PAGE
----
The Level lock with touch or a keycard retails for $329 and doesn’t have the clunky hardware associated with most connected locks. Image courtesy of Level.

This week’s guest is Matthew Prince, the CEO of Cloudflare who starts off with a history of computing and an insight into his college dorm room decor. The history will be especially valuable for folks who are not in the IT world but who have to deal with it thanks to the IoT. Prince then discusses what comes after containers and talks about what drives usage on his company’s distributed edge compute service. Then, he explains why he views his engineering work through the lens of others, and how Cloudflare tries to make ethical decisions when building products and offering them. It’s a good interview.

Hosts: Stacey Higginbotham and Kevin Tofel
Guest: Matthew Prince, the CEO of Cloudflare
Sponsors: Very and Silicon Labs

  • Why ARM isn’t spinning out its IoT assets
  • Fitbit has a new, wellness device
  • Let’s talk about security in appliances
  • How computing has moved from individual servers to containers
  • How to create a culture where engineers can discuss ethics

 

Episode 200: These are the features that matter in the smart kitchen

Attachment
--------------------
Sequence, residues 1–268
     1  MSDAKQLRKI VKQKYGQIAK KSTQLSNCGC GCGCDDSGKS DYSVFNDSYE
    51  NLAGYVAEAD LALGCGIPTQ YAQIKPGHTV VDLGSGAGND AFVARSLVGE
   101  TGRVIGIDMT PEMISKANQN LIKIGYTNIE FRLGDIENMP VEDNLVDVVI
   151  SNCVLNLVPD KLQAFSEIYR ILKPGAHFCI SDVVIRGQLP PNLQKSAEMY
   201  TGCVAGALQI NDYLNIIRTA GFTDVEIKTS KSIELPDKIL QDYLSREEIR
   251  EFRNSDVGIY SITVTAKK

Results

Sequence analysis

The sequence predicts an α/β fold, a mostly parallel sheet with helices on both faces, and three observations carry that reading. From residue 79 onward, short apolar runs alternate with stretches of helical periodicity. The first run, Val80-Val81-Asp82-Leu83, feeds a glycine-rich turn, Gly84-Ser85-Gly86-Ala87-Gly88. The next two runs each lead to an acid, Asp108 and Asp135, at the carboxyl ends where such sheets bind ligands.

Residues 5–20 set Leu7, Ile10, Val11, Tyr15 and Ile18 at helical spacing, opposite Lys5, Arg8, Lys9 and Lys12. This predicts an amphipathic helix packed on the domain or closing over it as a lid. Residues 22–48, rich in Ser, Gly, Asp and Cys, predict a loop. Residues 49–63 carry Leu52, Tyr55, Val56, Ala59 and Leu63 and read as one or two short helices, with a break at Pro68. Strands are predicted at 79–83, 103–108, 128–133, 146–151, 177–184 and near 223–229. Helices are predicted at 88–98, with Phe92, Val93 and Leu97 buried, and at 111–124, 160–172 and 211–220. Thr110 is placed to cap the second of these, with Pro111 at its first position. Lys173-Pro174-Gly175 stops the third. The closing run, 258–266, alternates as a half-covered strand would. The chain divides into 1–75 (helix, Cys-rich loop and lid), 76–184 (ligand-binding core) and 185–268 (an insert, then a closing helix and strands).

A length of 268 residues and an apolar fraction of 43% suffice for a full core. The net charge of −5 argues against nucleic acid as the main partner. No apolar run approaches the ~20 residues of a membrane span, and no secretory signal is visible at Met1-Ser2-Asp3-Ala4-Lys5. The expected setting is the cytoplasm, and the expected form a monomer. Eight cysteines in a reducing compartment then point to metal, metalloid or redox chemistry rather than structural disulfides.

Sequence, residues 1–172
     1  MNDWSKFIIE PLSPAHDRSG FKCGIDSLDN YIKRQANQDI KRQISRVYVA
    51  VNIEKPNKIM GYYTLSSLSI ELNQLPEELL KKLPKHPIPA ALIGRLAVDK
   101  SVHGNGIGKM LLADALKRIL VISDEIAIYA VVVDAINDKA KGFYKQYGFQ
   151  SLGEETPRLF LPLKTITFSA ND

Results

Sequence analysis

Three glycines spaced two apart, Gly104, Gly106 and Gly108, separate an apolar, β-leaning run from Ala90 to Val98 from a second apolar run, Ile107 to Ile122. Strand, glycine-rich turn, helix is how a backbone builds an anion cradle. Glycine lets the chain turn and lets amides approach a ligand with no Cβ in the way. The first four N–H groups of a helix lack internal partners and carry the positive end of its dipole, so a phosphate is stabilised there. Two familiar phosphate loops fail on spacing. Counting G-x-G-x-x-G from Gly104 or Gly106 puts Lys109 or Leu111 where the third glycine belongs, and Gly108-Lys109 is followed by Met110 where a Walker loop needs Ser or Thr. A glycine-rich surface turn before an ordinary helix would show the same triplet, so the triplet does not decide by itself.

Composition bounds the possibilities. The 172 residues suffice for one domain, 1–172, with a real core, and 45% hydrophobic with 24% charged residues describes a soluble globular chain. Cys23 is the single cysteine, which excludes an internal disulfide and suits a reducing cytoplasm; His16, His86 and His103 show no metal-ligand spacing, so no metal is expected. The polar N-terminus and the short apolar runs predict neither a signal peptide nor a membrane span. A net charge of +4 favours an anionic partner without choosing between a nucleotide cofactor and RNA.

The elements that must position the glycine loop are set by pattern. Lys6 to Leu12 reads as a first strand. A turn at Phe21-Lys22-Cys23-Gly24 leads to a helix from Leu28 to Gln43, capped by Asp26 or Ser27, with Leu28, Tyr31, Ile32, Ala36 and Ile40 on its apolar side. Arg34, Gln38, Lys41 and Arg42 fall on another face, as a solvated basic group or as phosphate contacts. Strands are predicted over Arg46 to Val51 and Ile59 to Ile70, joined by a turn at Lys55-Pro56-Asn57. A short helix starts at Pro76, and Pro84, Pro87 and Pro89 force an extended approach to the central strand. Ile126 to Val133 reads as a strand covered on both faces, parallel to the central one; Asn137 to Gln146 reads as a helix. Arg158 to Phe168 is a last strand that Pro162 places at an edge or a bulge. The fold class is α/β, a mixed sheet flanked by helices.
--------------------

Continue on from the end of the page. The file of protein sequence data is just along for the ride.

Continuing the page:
This week’s podcast kicks off with a discussion about property owners forcing smart apartments on renters. The discussion was sparked by a series of tweets. Kevin and I discovered the name of the company behind the service and cover some of the challenges associated with the proposition. (Here’s a hack of the device on GitHub.) From there we talk about various device and subscription cleanses and new low-power Wi-Fi chips. There’s also a new gateway for the abode security system, a setback for Microsoft’s Cortana and Kevin’s rediscovery of Node-RED. In our voicemail, we answer a question about finding smart lights that are equivalent to 100-watt bulbs.

Abode launched a new hub with 4G cellular and improved Z-wave security.

Our guest this week is Michael Wolf, the creator of the Smart Kitchen Summit and publisher of The Spoon, which covers food tech. We talk first about the state of the smart kitchen and where various appliance manufacturers are in adopting connectivity. He then goes through all the major appliances and explains which features I should look for when I’m shopping for new white goods in the next 18 months or so. We end with a discussion about the Wirecutter’s shocking (to us) review of the June oven. There’s a lot to talk about.

Hosts: Stacey Higginbotham and Kevin Tofel
Guest: Michael Wolf, the creator of the Smart Kitchen Summit and the publisher of The Spoon
Sponsors: FairCom and Afero

  • Tenants have the right to avoid the smart home
  • I dumped smart devices and Kevin sumped subscriptions
  • Abode does a gateway upgrade right
  • Your new fridge absolutely needs a camera
  • But does your oven need a screen?